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Daniel W. Willingmyre 3rd 

of the 

January lp , 1932 




Suromary . 1 

General Hist or y of Annapolis 3 

History of Old City Hall 8 

History of The New City Hall ...., 12 

Construction of Old City Hall 18 

Construction of New City Hall 22 

Drawings 30 

xictures 33 



The story of the uity Halls of Annapolis, their 
history and construction, will be presented by the writer 
in as clear and interesting a manner as his ability and the 
limited quantity of material available will permit. Those 
data obtained from official records such as deeds, statement 
of ownership, minutes of the Uity Council's meetings, re- 
cords of expenditures of the city, and other sources have 
been stated as such as has been all information obtained 
from perusals of the Maryland uazette, and personal inter- 
views with eminent Annapolitans. Personal observation and 
deductions by the writer have been stated as such. 

There were at different times two or more build- 
ings used as the L;ity Hall of Annapolis. The first known 
one on record being the building on Main Street. It was 
occupied by the City prior to 1868. The exact date of its 
construction and subsequent occupancy is not to be found 
in available records. In 1868 the building was conveyed 
to Mr. w. t. Igleheart, after whose death its ownership 
was transferred to Dr. ireldmeyer, who still retains title 
to the property. 


The new uity Hall or old Ball «oom dates back 
to 1764 • It was on this date that a Ball Koom was built 
to accommodate visitors, balls, lectures and public enter- 
tainments. The Ball Room has served for various purposes 
other than that for which it was intended. It has been 
the meeting place of the Maryland Assembly, the head- 
quarters of the Union troops in that section during the 
Civil War, a guard house, and a prison camp. While being 
used as this latter, it caught fire, and all but three 
walls consumed or made unfit for further use. Upon the 
ruins of this Ball noom in 1867 , a New City Hall was 
built and used by the City of Annapolis. Changes and ad- 
ditions have been made from time to time which are too 
numerous to mention and which would add no value to this 



Since the history of a City Hall would be in- 
complete without at least a cursory history of the City 
in which it is situated, an attempt will be made to give 
a resume of the events leading up to the establishment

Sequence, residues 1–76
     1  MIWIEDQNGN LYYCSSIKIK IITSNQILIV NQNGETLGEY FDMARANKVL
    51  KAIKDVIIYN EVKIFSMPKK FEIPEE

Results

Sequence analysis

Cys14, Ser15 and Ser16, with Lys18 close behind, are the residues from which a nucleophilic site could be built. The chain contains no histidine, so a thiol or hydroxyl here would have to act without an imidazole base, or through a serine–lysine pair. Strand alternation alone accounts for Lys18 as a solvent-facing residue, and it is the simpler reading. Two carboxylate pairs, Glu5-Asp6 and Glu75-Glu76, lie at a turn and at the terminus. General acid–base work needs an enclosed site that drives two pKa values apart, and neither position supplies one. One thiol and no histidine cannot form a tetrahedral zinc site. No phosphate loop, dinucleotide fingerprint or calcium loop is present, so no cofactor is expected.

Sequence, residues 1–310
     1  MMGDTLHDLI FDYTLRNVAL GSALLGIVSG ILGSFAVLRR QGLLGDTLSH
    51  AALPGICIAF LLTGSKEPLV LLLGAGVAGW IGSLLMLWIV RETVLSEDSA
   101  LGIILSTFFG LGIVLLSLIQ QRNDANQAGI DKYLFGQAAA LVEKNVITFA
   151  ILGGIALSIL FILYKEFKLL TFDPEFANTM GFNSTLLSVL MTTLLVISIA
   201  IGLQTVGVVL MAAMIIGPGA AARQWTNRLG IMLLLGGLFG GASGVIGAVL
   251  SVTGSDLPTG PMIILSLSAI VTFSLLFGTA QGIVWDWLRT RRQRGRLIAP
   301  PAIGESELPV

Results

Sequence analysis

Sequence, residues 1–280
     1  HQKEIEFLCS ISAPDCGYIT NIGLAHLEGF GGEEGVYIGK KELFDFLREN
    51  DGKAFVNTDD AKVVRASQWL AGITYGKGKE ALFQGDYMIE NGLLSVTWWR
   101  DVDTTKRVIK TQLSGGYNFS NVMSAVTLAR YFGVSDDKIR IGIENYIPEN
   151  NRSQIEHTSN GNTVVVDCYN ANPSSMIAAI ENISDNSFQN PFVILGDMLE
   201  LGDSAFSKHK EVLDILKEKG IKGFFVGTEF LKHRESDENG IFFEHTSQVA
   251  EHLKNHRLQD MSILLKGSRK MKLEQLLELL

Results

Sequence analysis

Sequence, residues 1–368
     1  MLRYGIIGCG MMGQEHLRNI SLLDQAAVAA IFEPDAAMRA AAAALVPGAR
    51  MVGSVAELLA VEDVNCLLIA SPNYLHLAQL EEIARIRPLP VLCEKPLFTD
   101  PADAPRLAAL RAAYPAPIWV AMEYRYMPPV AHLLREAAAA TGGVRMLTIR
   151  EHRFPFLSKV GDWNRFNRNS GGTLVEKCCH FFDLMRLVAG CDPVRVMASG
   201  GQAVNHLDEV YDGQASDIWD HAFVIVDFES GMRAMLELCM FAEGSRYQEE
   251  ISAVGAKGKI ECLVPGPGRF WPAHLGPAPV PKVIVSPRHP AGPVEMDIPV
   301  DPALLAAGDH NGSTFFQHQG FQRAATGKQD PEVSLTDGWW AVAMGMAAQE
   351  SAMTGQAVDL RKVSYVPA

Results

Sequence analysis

of the City of Annapolis, "Ye Ancient City" on the 
Severn . 

On June 20 , 1632 , the grant of Maryland was 
given by the King of England to uecilius Calvert, eld- 
est son of Lord Calvert of Ireland. The boundaries of 
the colony were well defined, being on the north, the 
fortieth parallel of north latitude; on the west and 
southwest, a line running south from this parallel to 
the farthest source of the Potomac Hiver and thence by 
the farther western bank of that river to Chesapeake Bay 
and on the east by the Atlantic Ocean, Delaware Bay and 
Hiver. i'rom this outline of boundary, it will be seen 
that the confines included not only the present state of 
Maryland, but also a portion of Pennsylvania, West Virgin- 
ia and all of the State of Delaware. 

The original inhabitants of Maryland were the 


Indians. Indeed, on the site of the present City of An- 
napolis, there was a small Indian village. This village 
was probably situated here because of the favorable ter- 
rain. The piece of land in question is peninsular shaped, 
surrounded on three sides by water, two large streams and 
the Severn Kiver. No one can tell the age of this village 
but it was undoubtedly seen by the first white man in this 
section of the country in 1608, for he describes the lo- 
cation very accurately. This white man was Captain John 
Smith of Pocohantas fame who was a member of the Virginia ' 

Maryland progressed rapidly under the liberal 
and judicious rule of the governors appointed by the crown- 
ed heads but actuated by the influence of the Calverts, an 
intelligent and advanced thinking family. The oapitol of 
the colony was established at St. Marys, a small town down 
the bay quite a distance from the present site of Anna- 

It may be erroniously thought by some that the 
only colony of Pilgrims landing in America was in New 
England at Plymouth Rock in l620, but this is not based 
on fact for records show that another group landed farther 


south and settled in Virginia. The Pilgrims were per- 
mitted to worship according to the dictates of their con- 
science and principles of their religion until in 1642 
when an act was passed by the Virginia Assembly prevent-